So, yes, it is possible that a PFO could cause a stroke, and PFOs have undoubtedly done so. But the event is decidedly rare.
Some investigators have reported an increased incidence of PFO in patients with migraine headache, and have attributed migraines to PFOs. However, nobody has advanced a plausible theory, based on actual human physiology, as to how a PFO might cause migraines. The lack of such a theory has not prevented some doctors from recommending PFO closure devices in these patients.
Scuba divers who have PFO have a 2 to 5-fold increased risk of developing serious decompression sickness (“the bends”) when finishing a dive. It is thought that nitrogen bubbles forming in the veins during decompression can increase right atrial pressure, thus opening a PFO. These nitrogen bubbles can then pass across the atrial septum and into the arterial circulation, where they can cause damage, for instance, to the brain.
When Does A PFO Require Treatment?
There are two general types of treatment that could be offered to patients with PFO: anti-clotting medications, and a PFO closure device. Fortunately, the vast majority of people who have a PFO do not need either of these treatments.
Most experts now agree that if a PFO is found incidentally on an echocardiogram, and is not suspected of ever having caused a problem, no therapy is necessary.
In patients who have had a cryotogenic stroke (a stroke whose cause is unknown), the presence of a PFO at least suggests a possible cause, and many doctors recommend treatment.
If a stroke has occurred that might have been caused by a PFO, PFO closure devices have been recommended by some physicians. However, three randomized clinical trials have now failed to show that closing the PFO after a stroke reduces the risk of subsequent stroke in these patients, as compared to medical therapy alone. Most experts agree today that PFO closure should be done only rarely in these cases, if at all.
Recent evidence suggests that a transcranial Doppler study, in conjunction with a bubble study, can more accurately detect patients whose cryptogenic strokes have been caused by a PFO. Studies are being planned that will assess the usefulness of PFO closure in this subset of patients.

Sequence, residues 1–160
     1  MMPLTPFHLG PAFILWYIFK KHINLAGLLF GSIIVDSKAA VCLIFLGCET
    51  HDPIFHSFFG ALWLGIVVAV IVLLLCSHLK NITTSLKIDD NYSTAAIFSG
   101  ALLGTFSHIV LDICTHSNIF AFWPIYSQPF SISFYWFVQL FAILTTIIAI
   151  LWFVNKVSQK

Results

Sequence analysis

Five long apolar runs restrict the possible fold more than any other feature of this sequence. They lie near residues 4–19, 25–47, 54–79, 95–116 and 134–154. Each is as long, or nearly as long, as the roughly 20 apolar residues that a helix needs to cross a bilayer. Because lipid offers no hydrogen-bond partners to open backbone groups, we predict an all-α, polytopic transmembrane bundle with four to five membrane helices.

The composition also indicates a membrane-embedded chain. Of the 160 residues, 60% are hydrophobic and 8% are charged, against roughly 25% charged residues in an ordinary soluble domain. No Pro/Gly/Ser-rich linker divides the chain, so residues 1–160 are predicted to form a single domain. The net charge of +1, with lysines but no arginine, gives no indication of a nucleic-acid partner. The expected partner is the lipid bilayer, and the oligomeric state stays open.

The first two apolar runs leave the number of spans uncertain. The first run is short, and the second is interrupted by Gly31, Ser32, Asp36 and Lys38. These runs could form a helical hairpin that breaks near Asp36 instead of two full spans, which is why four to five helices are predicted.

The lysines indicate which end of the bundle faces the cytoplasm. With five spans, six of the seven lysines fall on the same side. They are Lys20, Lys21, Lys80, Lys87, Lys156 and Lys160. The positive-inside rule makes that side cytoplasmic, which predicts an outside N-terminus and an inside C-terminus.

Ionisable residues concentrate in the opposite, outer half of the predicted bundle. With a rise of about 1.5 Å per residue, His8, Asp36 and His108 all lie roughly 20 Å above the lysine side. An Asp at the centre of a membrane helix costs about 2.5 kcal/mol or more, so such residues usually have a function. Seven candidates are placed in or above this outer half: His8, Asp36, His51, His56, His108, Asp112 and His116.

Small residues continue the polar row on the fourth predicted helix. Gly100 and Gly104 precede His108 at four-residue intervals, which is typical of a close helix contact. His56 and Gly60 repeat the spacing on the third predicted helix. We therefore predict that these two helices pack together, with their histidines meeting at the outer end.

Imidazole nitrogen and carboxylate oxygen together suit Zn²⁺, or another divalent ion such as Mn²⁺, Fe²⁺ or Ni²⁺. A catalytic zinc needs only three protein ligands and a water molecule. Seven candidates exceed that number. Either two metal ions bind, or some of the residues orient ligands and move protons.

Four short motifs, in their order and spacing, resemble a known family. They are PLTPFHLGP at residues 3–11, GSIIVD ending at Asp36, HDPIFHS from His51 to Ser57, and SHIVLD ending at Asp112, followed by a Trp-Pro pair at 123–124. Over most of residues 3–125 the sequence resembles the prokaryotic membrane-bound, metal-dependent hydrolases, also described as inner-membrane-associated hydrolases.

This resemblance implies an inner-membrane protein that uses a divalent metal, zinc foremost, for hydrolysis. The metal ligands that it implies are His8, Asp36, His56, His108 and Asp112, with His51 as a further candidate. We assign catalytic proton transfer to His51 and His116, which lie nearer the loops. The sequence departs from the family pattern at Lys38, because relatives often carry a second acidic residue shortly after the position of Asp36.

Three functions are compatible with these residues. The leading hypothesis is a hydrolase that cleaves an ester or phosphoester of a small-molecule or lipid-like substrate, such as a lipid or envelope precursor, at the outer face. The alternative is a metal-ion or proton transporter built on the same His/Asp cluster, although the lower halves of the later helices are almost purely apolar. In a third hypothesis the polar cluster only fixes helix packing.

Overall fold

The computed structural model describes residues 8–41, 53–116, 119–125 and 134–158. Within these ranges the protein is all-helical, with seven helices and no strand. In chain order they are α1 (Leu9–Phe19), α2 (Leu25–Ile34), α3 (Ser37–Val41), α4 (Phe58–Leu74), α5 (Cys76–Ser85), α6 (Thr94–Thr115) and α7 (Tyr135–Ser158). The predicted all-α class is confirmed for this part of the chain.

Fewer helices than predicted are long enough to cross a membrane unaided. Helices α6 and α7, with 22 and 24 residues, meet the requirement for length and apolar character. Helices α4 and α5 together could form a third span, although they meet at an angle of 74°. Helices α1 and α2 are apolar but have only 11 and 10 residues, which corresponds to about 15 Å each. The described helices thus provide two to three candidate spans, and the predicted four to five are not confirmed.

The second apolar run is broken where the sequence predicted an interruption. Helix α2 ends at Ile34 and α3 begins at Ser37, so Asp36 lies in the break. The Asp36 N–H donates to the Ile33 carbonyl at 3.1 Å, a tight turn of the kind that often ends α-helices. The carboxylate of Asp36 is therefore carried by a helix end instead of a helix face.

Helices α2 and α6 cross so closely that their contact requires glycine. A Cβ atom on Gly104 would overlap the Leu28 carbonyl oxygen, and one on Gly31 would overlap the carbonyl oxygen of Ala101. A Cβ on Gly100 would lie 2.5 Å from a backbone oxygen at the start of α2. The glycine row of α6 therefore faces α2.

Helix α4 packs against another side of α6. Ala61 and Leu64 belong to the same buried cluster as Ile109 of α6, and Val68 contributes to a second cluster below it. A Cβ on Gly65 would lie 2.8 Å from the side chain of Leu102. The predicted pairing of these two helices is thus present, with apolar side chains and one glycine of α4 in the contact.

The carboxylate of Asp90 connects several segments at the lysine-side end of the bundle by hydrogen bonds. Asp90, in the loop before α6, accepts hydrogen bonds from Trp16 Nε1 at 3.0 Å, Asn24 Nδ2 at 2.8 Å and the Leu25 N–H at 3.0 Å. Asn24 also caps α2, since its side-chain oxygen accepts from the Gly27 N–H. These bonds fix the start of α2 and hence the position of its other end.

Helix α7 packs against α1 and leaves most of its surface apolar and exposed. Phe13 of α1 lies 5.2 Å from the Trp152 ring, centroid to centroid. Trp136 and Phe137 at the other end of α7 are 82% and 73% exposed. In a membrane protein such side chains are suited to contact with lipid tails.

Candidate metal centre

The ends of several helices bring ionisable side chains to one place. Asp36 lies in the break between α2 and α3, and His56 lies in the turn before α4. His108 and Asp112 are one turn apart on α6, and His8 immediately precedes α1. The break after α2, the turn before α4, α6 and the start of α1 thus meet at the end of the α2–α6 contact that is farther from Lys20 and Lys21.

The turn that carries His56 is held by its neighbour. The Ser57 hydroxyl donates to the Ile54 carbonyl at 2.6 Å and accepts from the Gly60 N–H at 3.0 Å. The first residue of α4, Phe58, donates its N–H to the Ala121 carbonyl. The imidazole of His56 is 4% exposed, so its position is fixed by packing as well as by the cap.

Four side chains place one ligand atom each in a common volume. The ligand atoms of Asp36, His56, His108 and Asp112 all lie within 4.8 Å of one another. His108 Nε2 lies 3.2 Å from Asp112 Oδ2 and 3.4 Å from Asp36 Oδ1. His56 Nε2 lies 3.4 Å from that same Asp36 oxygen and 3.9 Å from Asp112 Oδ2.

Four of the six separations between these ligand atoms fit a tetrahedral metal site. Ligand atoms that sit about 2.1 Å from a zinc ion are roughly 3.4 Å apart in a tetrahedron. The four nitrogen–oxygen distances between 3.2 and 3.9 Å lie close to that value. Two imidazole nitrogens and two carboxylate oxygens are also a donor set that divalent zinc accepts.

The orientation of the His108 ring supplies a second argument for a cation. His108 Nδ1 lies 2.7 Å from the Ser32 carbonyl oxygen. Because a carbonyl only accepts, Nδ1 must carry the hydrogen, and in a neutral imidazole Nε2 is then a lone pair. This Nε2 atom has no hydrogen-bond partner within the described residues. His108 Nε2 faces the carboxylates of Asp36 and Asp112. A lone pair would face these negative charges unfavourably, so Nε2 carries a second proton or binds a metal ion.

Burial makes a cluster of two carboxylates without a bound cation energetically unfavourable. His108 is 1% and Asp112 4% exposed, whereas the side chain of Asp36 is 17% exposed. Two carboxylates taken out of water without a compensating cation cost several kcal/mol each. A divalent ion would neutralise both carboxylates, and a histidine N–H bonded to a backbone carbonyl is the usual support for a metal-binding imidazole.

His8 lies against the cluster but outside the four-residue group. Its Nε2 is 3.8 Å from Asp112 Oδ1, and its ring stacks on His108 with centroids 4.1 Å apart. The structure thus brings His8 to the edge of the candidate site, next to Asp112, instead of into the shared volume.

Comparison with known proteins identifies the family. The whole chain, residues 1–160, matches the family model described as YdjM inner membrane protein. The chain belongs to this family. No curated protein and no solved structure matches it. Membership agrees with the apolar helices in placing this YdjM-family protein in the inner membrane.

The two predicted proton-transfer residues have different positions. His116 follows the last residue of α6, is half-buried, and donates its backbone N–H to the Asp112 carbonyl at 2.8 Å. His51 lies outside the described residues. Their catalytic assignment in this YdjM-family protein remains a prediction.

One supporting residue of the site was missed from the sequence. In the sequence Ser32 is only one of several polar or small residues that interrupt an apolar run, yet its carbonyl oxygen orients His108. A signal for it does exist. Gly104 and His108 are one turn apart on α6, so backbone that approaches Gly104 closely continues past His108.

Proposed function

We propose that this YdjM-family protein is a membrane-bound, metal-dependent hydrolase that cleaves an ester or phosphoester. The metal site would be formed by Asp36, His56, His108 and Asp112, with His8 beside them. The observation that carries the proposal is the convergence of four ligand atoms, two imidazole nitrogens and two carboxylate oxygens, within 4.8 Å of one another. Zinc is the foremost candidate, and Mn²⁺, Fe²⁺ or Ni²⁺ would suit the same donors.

In any case, if a PFO is thought likely to have caused a stroke, most experts today would recommend treating with drugs that inibit blood clotting - either with platelet inhibitors like aspirin or clopidogrel, or with anticoagulants such as warfarin - and not using a PFO closure device.
Migraine headache is not a reason to treat a PFO. In addition to the lack of any reasonable theory as to why PFO should cause migraines, randomized clinical trials have failed to show that migraine headaches in patients with PFO improve if a PFO closure device is inserted. At this time, PFO closure should not be regarded as a treatment for migraine headaches.
Scuba divers with a PFO should consult with their doctors about the advisability of continuing the sport. Part of the advice they receive will be based on the size of their PFO, since larger PFOs have been associated more strongly with decompression sickness.
Hara H, Virmani R, Ladich E, et al. Patent foramen ovale: current pathology, pathophysiology, and clinical status. J Am Coll Cardiol 2005; 46:1768.
Wu LA, Malouf JF, Dearani JA, et al. Patent foramen ovale in cryptogenic stroke: current understanding and management options. Arch Intern Med 2004; 164:950.
Schwedt TJ, Demaerschalk BM, Dodick DW. Patent foramen ovale and migraine: a quantitative systematic review. Cephalalgia 2008; 28:531.
Bove AA. Risk of decompression sickness with patent foramen ovale. Undersea Hyperb Med 1998; 25:175.